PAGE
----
Material. Mild steel, 8 mm in diameter, 220 mm long.
Additional tools. 8-mm bottom swage; set hammer.
Cut off 220 mm of rod and mark as shown in Fig. 58. Heat from the end to beyond the mark to near-welding heat and place on the anvil as in Fig. 59. Hammer down to half the thickness, leaving a prominent shoulder. The hammer face must overlap the anvil edge during the first few blows.
Turn 90 degrees and reduce the thickness to a little less than the original 8 mm, leaving a rectangular section. Reheat if necessary. Place in the bottom swage with the shoulder uppermost. Place the set hammer with an edge against the shoulder and its face parallel with the face of the swage.
The set hammer is now struck with the sledgehammer, lightly at first to settle the work into position. Hammer blows are continued while the job is drawn through the swage toward the smith. This operation will give a distinct half-round section to this part of the job. While still hot, this end is bent over the beak to the shape shown in Fig. 58C. Twisting may occur during this bending operation. This should be corrected as soon as it becomes obvious by applying light hammer blows while the flat face of the work is in contact with the face of the anvil, but with the shoulder clear of the anvil edge. Positions of swage, work, set hammer and sledgehammer are shown in Fig. 60.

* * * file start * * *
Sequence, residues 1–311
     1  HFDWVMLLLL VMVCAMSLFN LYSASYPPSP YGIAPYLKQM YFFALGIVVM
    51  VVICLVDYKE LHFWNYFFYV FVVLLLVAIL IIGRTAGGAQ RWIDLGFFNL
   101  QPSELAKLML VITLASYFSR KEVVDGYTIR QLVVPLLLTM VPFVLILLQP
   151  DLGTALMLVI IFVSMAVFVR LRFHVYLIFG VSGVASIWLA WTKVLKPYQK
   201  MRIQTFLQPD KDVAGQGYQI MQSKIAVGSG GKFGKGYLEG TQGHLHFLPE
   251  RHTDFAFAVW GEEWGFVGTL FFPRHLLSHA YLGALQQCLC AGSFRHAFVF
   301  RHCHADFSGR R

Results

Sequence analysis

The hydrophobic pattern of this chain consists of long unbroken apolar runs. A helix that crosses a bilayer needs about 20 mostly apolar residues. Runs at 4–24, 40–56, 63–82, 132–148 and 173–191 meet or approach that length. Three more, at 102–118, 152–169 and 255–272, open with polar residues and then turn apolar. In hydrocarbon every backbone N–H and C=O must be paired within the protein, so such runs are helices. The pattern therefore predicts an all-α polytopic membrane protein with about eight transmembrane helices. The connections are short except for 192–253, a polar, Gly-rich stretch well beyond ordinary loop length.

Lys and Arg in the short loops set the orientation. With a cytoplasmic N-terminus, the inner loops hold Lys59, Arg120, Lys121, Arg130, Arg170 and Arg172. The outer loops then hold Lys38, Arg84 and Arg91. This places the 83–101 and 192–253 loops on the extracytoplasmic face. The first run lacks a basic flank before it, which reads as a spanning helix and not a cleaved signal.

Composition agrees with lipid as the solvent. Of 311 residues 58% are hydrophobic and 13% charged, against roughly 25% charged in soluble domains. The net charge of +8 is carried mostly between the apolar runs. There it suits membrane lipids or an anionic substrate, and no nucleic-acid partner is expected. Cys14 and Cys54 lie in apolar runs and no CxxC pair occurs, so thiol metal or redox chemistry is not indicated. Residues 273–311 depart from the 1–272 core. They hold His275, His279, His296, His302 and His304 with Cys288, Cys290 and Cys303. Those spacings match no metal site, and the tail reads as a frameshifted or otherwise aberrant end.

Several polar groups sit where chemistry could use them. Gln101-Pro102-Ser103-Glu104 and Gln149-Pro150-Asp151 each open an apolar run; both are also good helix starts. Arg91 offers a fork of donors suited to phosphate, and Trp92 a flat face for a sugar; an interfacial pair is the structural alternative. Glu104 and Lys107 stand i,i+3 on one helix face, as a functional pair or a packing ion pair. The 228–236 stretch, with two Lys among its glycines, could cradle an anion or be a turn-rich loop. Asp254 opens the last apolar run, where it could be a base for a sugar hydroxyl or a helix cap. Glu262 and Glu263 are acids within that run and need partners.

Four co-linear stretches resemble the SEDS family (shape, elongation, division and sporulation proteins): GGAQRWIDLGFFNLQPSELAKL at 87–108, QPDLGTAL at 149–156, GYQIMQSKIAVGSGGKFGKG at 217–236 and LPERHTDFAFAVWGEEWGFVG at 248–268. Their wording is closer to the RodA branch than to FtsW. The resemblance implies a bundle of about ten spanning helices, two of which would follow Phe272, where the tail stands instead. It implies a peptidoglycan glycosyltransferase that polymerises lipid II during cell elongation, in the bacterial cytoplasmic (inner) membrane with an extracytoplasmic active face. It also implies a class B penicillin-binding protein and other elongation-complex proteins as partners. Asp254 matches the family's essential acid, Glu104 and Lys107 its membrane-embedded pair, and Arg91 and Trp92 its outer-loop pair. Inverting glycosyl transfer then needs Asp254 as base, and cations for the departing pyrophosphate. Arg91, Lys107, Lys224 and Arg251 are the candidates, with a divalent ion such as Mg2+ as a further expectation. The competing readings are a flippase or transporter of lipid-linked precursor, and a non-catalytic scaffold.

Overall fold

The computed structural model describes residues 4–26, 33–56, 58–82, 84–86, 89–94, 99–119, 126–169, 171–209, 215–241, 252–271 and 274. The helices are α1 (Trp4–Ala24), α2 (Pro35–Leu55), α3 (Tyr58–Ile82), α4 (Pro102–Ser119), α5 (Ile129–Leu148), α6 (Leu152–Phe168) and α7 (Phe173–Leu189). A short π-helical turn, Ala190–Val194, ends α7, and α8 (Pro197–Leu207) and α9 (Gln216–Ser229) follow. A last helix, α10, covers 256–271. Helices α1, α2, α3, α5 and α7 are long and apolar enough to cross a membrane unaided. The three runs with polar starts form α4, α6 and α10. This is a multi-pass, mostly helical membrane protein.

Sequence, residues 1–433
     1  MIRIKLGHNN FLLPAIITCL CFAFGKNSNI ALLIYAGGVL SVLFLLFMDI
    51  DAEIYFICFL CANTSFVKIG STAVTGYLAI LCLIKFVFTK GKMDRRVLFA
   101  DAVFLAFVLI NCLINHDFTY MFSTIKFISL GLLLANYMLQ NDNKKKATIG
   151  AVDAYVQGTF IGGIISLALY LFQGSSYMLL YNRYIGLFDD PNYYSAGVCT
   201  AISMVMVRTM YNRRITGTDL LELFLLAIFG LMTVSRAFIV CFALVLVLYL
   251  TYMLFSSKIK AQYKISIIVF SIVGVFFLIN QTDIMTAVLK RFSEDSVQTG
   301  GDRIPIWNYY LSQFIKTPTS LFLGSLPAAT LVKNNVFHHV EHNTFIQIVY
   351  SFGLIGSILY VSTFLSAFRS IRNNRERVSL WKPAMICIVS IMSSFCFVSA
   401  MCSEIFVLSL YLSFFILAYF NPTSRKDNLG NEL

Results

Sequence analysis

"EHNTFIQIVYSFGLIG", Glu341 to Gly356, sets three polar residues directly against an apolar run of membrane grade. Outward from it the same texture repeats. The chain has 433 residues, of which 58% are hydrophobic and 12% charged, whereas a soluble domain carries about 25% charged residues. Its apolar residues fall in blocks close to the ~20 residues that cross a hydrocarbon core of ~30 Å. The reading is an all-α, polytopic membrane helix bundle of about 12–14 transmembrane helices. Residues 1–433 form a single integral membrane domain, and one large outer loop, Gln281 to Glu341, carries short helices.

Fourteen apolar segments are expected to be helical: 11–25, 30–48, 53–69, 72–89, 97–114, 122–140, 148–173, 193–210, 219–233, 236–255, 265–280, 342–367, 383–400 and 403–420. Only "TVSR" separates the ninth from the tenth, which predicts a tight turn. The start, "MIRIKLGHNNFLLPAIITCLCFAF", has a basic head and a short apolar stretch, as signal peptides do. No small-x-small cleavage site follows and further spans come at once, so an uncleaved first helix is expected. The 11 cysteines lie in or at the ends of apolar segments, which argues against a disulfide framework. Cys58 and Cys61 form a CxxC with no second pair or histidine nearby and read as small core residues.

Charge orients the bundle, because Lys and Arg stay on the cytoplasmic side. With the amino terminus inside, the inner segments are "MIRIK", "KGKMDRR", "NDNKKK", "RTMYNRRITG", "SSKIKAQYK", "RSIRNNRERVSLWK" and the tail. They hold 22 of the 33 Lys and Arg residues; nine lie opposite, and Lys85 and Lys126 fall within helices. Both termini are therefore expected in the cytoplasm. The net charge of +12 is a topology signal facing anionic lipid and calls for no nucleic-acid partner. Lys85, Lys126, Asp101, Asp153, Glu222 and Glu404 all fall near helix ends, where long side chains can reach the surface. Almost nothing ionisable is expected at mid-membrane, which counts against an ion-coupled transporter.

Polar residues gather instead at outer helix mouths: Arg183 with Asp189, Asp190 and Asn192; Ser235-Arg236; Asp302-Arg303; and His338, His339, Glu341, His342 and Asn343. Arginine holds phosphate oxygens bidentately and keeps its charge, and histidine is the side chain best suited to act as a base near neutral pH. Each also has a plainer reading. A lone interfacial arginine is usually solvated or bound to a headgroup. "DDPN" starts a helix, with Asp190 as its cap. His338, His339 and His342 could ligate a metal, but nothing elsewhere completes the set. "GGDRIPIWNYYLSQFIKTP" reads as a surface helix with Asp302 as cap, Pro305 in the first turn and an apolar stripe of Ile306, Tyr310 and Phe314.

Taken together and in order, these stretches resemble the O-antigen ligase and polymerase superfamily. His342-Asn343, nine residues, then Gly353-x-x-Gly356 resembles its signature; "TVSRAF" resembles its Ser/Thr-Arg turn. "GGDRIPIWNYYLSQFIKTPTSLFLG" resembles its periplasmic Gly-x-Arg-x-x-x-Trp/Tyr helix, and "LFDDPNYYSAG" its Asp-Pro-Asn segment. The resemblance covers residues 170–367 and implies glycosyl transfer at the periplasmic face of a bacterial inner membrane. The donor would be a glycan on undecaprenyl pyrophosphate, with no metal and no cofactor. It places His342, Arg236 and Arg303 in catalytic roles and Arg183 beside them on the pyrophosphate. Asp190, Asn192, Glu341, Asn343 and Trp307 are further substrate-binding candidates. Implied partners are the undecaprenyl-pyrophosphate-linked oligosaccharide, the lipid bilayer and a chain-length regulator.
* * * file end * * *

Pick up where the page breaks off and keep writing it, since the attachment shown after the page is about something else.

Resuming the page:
The opposite end of the job is now worked in a manner similar to the first, with care being taken to ensure that the shoulders are on opposite sides of the workpiece. When both ends are forged, the centre is heated to a red heat and bent over the block to the shape shown in Fig. 58D. The job can now be heated to a red heat all over and trued up. Open the link by twisting to give the side appearance shown in Fig. 58E